LEWISVILLE—Before a church launches a multisite ministry, it must select and secure a site, assemble a leadership team, raise funds and work through logistical details. But Northview Baptist Church in Lewisville has discovered the most difficult task sometimes may be education.
“The multisite concept totally confused our people,” said Rob Veal, associate pastor at Northview Baptist Church. “The term ‘multisite’ became a negative. So, we changed the lingo.”
The church—which had 25 members when Pastor Kenneth Wells arrived 30 years ago—has grown in recent years to about 700 in attendance at three worship services on any given Sunday. But its location has limited growth.
“The big issue for us is parking,” Veal explained. “We are on three acres in a neighborhood, surrounded by houses. … As we try to move people in and out of three services, we have cars parked on the grass, parked in bar ditches—it’s just a mess.”
A representative from Denton Baptist Association initially told church leaders Northview Baptist was “a great candidate to go multisite,” Veal recalled. The church put together a team last year to study the matter, looking at existing multisite models and the potential for implementing that approach at Northview.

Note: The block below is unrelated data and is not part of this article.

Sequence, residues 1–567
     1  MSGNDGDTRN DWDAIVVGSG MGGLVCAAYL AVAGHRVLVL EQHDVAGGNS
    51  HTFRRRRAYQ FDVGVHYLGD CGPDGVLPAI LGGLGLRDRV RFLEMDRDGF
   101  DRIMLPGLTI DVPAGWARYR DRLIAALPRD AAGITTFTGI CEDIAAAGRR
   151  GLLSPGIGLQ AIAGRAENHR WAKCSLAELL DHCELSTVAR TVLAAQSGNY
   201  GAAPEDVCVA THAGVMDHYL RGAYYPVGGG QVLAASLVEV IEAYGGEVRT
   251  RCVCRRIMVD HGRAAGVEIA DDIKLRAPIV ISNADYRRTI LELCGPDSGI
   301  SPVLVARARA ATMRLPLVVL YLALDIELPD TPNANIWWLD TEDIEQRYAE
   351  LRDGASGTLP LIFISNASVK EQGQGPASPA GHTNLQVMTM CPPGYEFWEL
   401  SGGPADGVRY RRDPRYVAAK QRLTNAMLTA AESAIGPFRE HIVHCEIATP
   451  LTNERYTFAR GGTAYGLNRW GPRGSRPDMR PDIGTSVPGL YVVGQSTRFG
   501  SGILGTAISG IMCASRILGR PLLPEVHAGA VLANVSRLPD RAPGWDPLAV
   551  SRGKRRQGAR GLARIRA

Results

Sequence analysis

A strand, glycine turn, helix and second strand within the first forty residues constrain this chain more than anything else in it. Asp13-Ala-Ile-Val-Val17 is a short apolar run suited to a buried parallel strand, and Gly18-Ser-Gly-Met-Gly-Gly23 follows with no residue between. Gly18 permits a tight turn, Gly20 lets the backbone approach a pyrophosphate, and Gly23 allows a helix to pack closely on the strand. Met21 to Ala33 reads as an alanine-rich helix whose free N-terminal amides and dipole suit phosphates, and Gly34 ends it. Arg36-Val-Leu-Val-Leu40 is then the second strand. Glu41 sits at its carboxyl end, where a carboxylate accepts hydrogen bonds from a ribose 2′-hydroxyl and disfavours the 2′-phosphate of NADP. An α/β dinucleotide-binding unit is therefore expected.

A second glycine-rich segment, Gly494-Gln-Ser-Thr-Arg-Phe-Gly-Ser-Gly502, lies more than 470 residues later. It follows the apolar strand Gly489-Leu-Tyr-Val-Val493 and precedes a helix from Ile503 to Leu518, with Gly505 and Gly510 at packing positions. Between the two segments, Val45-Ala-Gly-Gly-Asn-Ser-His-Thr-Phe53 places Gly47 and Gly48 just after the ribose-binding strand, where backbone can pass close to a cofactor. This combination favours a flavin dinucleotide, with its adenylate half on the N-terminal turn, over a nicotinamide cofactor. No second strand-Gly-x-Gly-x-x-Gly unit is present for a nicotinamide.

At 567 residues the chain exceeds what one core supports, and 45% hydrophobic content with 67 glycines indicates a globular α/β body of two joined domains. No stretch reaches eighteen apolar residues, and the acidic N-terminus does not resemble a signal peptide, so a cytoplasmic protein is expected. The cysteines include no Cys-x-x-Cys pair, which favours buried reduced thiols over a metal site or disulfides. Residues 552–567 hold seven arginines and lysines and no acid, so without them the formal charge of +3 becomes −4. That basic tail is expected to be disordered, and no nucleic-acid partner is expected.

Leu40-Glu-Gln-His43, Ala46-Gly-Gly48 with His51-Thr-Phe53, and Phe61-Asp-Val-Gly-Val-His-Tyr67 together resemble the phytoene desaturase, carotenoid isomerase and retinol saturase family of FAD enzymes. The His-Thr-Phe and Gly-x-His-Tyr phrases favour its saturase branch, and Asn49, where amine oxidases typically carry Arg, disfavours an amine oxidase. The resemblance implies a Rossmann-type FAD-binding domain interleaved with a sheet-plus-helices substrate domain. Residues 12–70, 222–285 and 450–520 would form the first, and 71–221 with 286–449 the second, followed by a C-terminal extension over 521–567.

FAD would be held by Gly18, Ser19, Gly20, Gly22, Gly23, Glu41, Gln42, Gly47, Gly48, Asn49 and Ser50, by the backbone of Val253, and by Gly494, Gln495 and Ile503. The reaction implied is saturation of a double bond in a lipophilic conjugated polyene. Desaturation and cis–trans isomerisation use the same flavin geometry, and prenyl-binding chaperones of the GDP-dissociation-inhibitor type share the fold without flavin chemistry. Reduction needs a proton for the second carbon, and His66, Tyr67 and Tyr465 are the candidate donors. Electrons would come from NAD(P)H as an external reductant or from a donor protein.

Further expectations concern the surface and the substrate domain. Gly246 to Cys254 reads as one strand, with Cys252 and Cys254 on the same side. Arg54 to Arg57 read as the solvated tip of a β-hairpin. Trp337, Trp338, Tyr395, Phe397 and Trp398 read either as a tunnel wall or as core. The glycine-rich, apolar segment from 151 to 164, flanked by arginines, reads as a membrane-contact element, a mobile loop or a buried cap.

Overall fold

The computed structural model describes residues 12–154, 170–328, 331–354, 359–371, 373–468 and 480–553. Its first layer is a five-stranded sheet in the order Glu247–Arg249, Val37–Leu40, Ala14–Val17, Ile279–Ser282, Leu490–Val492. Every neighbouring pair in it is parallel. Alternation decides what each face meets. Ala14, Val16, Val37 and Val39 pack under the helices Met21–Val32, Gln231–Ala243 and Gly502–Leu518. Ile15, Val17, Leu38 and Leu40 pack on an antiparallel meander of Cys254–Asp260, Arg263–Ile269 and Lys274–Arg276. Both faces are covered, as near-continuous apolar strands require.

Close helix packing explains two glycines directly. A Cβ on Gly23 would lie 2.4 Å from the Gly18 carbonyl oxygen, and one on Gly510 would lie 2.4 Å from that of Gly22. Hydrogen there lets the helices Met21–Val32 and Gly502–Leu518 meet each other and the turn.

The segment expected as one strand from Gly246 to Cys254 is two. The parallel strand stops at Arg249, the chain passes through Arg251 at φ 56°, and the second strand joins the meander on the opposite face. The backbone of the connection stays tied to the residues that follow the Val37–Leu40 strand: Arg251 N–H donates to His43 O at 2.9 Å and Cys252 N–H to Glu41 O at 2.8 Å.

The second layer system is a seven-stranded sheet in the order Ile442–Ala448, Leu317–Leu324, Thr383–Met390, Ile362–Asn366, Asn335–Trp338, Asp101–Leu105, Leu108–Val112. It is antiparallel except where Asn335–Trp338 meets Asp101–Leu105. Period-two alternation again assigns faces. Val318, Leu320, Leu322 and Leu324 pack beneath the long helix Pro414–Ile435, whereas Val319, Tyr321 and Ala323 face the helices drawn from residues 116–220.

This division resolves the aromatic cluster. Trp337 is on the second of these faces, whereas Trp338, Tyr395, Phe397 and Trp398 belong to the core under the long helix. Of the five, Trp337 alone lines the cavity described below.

“It looked like a good fit for us,” he said. The church found a potential site in neighboring Flower Mound, just seven miles from the existing campus and home to about 120 members.
However, members of Northview Baptist had difficulty relating to the high-profile megachurches in the Dallas-Fort Worth area that follow a multisite approach. Some saw the multicampus model as no different than a church split.
“Our people have never seen it before. … There’s not a model in the area that we know of that is like our church,” Veal noted.
So, instead of talking about multisites and satellites, Northview Baptist leaders began using more familiar terms—starting a mission or planting another church, but doing it a different way. The church envisions a congregation that would meet at a school in Flower Mound.
“There will be a campus pastor and a worship team, but it will be the same music and format our people know,” Veal said. “Our pastor will preach there. We reach all generations. We’re not selling a video pastor. But the church will grow as people become more attached to the campus pastor.”
Instead of focusing attention solely on the multisite ministry, the proposal became one part of a three-pronged capital campaign launched May 1 and scheduled to culminate June 5. The campaign involves a master plan expansion and debt reduction, as well as the multisite project.
For now, Northview Baptist leaders are “not pushing it,” Veal said, but simply helping members grow in their understanding of what multisite ministry might look like for a fairly traditional, multigenerational neighborhood church that wants to move beyond the limits of its location.
“We’re not trying to become a megachurch,” Veal said. “We’re just trying to reach people for the Lord.”